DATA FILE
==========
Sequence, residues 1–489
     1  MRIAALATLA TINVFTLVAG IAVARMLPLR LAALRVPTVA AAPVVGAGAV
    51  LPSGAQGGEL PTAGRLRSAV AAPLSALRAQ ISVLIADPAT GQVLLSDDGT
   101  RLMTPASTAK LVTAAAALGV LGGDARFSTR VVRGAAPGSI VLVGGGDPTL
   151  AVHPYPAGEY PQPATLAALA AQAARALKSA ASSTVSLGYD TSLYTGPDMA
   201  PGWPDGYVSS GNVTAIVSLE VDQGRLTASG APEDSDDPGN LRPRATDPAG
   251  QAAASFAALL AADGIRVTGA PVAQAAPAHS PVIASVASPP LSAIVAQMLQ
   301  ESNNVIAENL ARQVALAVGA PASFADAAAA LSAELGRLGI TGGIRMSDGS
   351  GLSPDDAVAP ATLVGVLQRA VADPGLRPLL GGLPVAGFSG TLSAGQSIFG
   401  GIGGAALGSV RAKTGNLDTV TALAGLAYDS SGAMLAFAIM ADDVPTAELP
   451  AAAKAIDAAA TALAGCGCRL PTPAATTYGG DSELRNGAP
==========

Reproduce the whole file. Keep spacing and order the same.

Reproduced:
Sequence, residues 1–489
     1  MRIAALATLA TINVFTLVAG IAVARMLPLR LAALRVPTVA AAPVVGAGAV
    51  LPSGAQGGEL PTAGRLRSAV AAPLSALRAQ ISVLIADPAT GQVLLSDDGT
   101  RLMTPASTAK LVTAAAALGV LGGDARFSTR VVRGAAPGSI VLVGGGDPTL
   151  AVHPYPAGEY PQPATLAALA AQAARALKSA ASSTVSLGYD TSLYTGPDMA
   201  PGWPDGYVSS GNVTAIVSLE VDQGRLTASG APEDSDDPGN LRPRATDPAG
   251  QAAASFAALL AADGIRVTGA PVAQAAPAHS PVIASVASPP LSAIVAQMLQ
   301  ESNNVIAENL ARQVALAVGA PASFADAAAA LSAELGRLGI TGGIRMSDGS
   351  GLSPDDAVAP ATLVGVLQRA VADPGLRPLL GGLPVAGFSG TLSAGQSIFG
   401  GIGGAALGSV RAKTGNLDTV TALAGLAYDS SGAMLAFAIM ADDVPTAELP
   451  AAAKAIDAAA TALAGCGCRL PTPAATTYGG DSELRNGAP